This post was originally published on our partner website India.com:
Since childhood, I recall my parents instilling the value of education into my brain. At the impressionable and young age of five I received a doctor’s set for Christmas. But, I never really understood what it meant to be a doctor. There was an association with being a doctor that was so prestigious and that is something that I had been taught since before I had even started school.
When I started school the question of, “what do you want to be when you grow up?” would arise and I would reply “a doctor,” never fully grasping what a doctor did.
I had visited the doctor and understood what a check up was, but there was a larger picture at hand. I remember the years of elementary school that I would reply confusingly, “a doctor superstar,” wanting to be a singer and a doctor, all in one. The truth being, I wanted to be a singer, but I felt pressured into also saying a doctor.
My parents were not doctors, quite the opposite actually. I grew up with my mom at home and dad at work. My dad is mechanic and went to trade school. Neither of my parents went to college.
For a time, this puzzled me that these two people stressed education and being a doctor so heavily but neither had been through the experience themselves. As I grew older I understood, like many immigrants, my parents wanted everything for their children that they did not have—education being one of them.
I once asked my parents why being a doctor was so prestigious.
“Doctors are like Bhagwan (God) they have the power to bring life into the world and cure the sick,” my mom said.
This is a common desi belief. But it was not enough to convince me to become a physician.
I wanted to want to be a doctor, but science and math were not my forte. I was in high school, trying to convince myself to still be a doctor, but I did not take one science A.P. course, despite myself persuasion.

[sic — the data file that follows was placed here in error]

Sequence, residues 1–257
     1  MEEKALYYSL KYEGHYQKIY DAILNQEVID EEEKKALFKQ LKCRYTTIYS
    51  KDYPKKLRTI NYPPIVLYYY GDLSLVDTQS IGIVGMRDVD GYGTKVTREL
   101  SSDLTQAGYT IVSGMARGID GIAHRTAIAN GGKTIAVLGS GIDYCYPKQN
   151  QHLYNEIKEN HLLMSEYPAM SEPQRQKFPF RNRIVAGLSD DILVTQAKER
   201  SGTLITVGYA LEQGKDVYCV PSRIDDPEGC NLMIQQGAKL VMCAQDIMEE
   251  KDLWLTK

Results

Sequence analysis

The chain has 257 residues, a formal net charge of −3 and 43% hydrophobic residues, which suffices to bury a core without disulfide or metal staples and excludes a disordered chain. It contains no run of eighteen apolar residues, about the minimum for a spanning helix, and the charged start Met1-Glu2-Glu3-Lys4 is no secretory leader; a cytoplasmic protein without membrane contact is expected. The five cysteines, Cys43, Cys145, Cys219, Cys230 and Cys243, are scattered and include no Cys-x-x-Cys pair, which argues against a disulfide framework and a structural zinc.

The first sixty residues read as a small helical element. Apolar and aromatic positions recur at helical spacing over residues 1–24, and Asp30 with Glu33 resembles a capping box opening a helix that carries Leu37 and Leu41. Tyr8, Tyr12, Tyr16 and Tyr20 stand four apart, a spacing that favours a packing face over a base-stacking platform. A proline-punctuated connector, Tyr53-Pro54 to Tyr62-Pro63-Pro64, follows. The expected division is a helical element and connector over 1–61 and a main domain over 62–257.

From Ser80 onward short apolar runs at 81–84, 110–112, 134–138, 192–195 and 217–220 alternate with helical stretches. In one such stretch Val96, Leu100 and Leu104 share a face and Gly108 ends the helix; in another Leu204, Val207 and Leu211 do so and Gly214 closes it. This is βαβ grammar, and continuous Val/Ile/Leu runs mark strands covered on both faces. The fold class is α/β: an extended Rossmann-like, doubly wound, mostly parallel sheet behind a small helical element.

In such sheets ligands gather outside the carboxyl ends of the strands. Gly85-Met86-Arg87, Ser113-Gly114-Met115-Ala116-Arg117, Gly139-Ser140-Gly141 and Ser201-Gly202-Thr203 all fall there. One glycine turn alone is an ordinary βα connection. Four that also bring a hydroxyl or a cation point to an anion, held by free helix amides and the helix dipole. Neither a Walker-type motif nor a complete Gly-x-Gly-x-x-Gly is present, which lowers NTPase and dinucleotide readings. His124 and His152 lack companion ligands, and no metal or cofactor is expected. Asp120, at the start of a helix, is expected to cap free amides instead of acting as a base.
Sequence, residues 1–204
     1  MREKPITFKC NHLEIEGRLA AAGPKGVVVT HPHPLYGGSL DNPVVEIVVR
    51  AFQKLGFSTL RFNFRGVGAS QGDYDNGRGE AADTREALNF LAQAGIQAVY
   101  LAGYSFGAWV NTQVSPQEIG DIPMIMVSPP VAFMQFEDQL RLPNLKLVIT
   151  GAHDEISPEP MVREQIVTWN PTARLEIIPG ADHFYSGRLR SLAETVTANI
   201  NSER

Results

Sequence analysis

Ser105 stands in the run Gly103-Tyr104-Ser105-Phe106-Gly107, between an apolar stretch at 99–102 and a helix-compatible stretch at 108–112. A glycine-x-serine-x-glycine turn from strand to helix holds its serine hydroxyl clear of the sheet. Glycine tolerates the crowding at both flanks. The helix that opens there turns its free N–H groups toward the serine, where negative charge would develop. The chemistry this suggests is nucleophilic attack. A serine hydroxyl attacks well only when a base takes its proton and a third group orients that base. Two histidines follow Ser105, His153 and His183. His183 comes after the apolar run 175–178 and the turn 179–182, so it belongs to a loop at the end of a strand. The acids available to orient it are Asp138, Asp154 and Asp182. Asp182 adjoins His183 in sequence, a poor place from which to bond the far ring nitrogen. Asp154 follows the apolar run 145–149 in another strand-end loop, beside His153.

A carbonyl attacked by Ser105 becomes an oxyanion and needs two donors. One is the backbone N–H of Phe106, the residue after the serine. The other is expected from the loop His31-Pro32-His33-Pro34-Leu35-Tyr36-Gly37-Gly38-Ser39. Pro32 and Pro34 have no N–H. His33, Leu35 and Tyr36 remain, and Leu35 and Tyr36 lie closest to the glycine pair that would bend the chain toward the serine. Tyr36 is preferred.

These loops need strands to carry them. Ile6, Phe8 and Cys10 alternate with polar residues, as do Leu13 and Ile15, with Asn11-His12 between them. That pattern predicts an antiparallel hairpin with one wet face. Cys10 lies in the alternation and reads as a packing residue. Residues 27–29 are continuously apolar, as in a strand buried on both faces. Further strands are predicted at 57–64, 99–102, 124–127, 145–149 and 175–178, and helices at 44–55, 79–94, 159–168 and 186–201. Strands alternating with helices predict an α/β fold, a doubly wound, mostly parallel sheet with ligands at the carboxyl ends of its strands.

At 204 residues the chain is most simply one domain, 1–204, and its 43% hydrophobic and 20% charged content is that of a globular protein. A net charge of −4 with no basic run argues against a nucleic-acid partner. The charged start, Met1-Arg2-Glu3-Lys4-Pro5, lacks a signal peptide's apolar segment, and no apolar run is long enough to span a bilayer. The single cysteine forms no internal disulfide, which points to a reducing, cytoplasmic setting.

I did not know what I wanted to pursue, but I knew it was not medicine. Still, I worried about disappointing my parents.
When I started college at Stony Brook University in Long Island, N.Y., I was certain that being a doctor was not for me but even telling my parents was nerve-racking. The day I told them they asked, “So if you are not a doctor what will you be?”
It was such an odd question to ask with the many professions that existed, and the endless possibilities for my future.
I was fortunate that at Stony Brook University I found my niche and calling for my career, my true passion was for South Asian studies.
Still, it was assumed by many that I was becoming a doctor merely because I was a South Asian. It was the stereotype that I could not kick despite my dearest efforts.
I recall one time entering the advising center and the women at the desk suggested that I may be in the wrong office because there was a special office for those students on the pre-med track—assumptions are terrible.
As impressionable, young, empowered South Asians, the opportunities are endless.
I would like to think that I did not fall into a stereotype because I was pressured into it but because I am following my dreams.
And like, Walt Disney said, “All dreams can come true if you have the courage to pursue them!”